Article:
temperature. Based on the above assumptions, a one-dimensional model with time t and space coordinate x is considered. The energy equation governing the system is giving by equation (1):

### (

### )

### (

### )

− − + = − + − _{−}− −

*X*

*RT*

*P*

*kn*

*Q*

*Yn*

*K*

*Q*

*x*

*T*

*x*

*T*

*T*

*x*

*u*

*c*

*T*

*T*

*t*

*c*

*e*

*e*

*b*

*e*

*r*

*T*

*T*

*R*

*Q*

*atm*

*l*

*e*

*RT*

*E*

*f*

*r*

*r*

*res*

*g*

*res*

*g*1 1 (1) We consider a single component liquid (water), and denote by

*X*

_{ its vapor }molar fraction in the gas phase (mole of vapor/mole of gas). The gas has several components: oxygen, vapor, and passive (inert and combusted) gas. We denote the molar fractions of oxygen and passive gas in the gas-phase by

*Y*

_{ and}

*Z*

_{, respectively. Then, we write the mass balance equations }for the components

*X*

_{, }

*Y*

_{, }

*Z*

_{ as equation (2) to equation (4): }

−
+
=
+
− −
*X*
*RT*
*p*
*kn*
*x*
*X*
*D*
*x*
*x*
*X*
*u*
*t*
*X*

*e*

*b*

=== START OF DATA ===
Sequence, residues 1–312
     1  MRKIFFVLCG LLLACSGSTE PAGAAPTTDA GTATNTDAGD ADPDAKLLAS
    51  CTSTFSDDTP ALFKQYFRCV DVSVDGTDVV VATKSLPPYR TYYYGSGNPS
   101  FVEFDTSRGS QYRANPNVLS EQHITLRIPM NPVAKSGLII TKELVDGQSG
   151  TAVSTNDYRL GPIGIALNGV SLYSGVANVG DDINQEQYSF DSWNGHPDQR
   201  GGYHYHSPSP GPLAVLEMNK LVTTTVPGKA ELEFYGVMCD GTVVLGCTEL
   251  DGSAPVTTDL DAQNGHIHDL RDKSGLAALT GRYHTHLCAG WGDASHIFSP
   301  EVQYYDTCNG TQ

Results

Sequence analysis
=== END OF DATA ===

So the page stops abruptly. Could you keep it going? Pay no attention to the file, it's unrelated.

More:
*e*

*T*

*T*

*R*

*Q*

*atm*

*l*

*X*) 1 1 ( (2)

*e*

*RT*

*E*

*f*

*r*

*o*

*Y*

*r*

*Yn*

*K*

*x*

*Y*

*D*

*x*

*x*

*Y*

*u*

*t*

*Y*− − = +

_{}

_{}

_{} (3)

*e*

*RT*

*E*

*f*

*r*

*g*

*Z*

*r*

*Yn*

*K*

*x*

*Z*

*D*

*x*

*x*

*Z*

*u*

*t*

*Z*− + = +

_{}

_{}

_{} (4) As the solid fuel and the liquid do not move, their concentrations satisfy the equations for reaction and evaporation respectively giving by equation (5) to equation (6):

*e*

*RT*

*E*

*f*

*r*

*f*

*f*

*r*

*Yn*

*K*

*t*

*n*− = (5) =

*t*

*n*- − − −

_{l}*X*

*RT*

*p*

*kn*

_{e}

_{e}

*b*

*e*

*T*

*T*

*R*

*Q*

*atm*

*l*1 1

_{ (6) }

Where;[mole/m3_{] is the molar density of gas, }_{T}_{[k] is the temperature of }
the reservoir when heated, *Tres*is the initial reservoir temperature, *cg*_{ is the }

thermal conductivity of the porous medium, (*Qr*and *Qe*)[J/mole] are the

heats enthalpies of combustion and evaporation of the solid and the liquid
at reservoir temperature, *Kr*[1/s] is the pre exponential parameter, *Y* is

the molar fraction of oxygen, *X* _{ is the vapor molar fraction in the gas phase }